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Indiana OWI / DUI License Suspensions



IMPLIED CONSENT – Any person who operates a vehicle in the state of Indiana impliedly consents to submit to chemical test or tests as a condition of operating a vehicle in Indiana. A police officer with probable cause to believe a person has committed an OWI offense will offer the person the opportunity to submit to a chemical test. More than one chemical test may be offered. Which chemical test or tests will be given is in the discretion of the officer. The police are not required to offer chemical testing to persons who are unconscious.

REFUSAL – If a person refuses to submit to a chemical test, the arresting officer is required to inform the person that refusal will result in the suspension of the person’s driving privileges and that the refusal to submit to chemical testing is admissible into evidence. If, after having been advised of the consequences of a refusal, the person still refuses chemical testing, the officer will confiscate the person’s driver’s license and issue them a receipt that is valid until a hearing has been conducted. The officer will submit a probable cause affidavit to the prosecuting attorney of the county in which the alleged offense occurred and send a copy of the affidavit to the bureau of motor vehicles.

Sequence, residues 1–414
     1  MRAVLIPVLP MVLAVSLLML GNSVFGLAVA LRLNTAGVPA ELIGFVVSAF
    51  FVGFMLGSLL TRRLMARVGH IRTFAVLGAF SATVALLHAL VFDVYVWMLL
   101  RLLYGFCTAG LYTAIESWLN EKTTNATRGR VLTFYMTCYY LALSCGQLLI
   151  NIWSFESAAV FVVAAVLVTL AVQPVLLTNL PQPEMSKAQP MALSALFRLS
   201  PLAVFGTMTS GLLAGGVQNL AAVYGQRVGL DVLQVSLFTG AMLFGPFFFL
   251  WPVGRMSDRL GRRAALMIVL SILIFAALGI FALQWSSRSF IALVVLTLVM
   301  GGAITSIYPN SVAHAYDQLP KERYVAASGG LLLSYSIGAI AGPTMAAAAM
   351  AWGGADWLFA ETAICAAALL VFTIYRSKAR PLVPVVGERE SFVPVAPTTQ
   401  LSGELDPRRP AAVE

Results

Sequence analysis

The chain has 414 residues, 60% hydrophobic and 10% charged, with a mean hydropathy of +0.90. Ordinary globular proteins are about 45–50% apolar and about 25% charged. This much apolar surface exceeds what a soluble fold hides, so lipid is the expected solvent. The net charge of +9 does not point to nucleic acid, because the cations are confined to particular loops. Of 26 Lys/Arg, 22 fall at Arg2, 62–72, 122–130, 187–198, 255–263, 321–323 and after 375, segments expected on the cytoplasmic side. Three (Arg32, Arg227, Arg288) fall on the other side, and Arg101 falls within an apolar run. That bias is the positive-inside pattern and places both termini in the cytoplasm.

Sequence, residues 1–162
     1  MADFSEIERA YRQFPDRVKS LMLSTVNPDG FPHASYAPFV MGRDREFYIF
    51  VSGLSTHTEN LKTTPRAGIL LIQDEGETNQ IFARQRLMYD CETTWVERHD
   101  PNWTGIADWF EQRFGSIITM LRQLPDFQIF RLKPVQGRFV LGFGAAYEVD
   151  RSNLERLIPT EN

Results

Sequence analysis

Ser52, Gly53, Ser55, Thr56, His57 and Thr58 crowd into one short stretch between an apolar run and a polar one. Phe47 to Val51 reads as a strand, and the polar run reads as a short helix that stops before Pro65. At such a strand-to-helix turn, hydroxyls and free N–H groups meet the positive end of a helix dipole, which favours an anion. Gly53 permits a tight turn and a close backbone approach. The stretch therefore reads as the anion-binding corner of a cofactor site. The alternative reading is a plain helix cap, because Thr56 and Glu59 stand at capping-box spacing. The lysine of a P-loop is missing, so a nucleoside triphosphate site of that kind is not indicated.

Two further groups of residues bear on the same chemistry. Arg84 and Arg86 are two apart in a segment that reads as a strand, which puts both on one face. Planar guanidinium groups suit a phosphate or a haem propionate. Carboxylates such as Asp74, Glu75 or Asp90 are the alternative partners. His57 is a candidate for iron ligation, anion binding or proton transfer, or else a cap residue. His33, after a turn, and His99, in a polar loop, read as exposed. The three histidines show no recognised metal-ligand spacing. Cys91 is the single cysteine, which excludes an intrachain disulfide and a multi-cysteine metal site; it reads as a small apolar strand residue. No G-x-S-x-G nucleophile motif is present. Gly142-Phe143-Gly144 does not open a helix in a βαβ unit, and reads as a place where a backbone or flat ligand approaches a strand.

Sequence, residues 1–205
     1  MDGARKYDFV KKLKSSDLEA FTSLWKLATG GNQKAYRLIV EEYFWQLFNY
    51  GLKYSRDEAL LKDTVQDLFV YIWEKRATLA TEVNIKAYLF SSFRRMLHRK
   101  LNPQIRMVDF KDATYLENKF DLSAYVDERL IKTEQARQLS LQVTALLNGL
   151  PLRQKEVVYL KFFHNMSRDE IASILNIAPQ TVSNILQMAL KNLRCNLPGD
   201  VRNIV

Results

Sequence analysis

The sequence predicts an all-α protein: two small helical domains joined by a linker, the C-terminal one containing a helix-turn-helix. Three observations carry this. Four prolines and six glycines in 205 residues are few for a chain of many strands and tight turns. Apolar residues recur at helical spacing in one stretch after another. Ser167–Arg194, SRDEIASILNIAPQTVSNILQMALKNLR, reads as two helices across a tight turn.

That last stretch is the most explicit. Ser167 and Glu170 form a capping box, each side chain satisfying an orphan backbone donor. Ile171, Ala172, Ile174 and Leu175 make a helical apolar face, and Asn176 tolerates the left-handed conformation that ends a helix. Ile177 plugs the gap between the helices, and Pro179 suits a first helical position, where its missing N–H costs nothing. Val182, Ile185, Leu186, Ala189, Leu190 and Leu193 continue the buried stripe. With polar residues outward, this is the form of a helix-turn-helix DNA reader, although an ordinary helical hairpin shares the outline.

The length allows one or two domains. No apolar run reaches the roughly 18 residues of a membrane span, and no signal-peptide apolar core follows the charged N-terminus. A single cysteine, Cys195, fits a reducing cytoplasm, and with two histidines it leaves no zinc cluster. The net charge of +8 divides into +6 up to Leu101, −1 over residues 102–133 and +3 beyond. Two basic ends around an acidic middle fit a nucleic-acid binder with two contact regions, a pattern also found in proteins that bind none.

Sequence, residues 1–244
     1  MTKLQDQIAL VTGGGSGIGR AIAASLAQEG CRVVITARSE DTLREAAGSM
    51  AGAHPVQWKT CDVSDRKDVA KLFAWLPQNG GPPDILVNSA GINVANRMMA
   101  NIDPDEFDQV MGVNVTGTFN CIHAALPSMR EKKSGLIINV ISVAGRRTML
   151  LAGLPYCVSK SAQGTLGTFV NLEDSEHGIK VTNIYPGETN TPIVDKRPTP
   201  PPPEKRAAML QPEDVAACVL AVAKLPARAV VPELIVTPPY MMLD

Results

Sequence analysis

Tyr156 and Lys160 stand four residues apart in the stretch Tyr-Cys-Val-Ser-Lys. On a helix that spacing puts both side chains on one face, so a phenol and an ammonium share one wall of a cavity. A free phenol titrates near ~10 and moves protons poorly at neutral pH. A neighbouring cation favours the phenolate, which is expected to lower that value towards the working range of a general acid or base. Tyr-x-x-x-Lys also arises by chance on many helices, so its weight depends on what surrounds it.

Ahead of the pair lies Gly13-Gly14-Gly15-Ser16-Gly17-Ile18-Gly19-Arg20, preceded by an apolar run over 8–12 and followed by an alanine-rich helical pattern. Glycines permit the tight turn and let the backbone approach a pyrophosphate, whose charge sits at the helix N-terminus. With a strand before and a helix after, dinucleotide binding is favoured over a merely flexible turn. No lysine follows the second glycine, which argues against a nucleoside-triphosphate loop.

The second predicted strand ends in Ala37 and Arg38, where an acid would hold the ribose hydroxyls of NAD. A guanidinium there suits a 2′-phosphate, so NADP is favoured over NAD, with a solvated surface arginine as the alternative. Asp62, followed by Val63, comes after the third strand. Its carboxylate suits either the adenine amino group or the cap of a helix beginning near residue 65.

The Administrative License Suspension Review Process in Indiana OWI Cases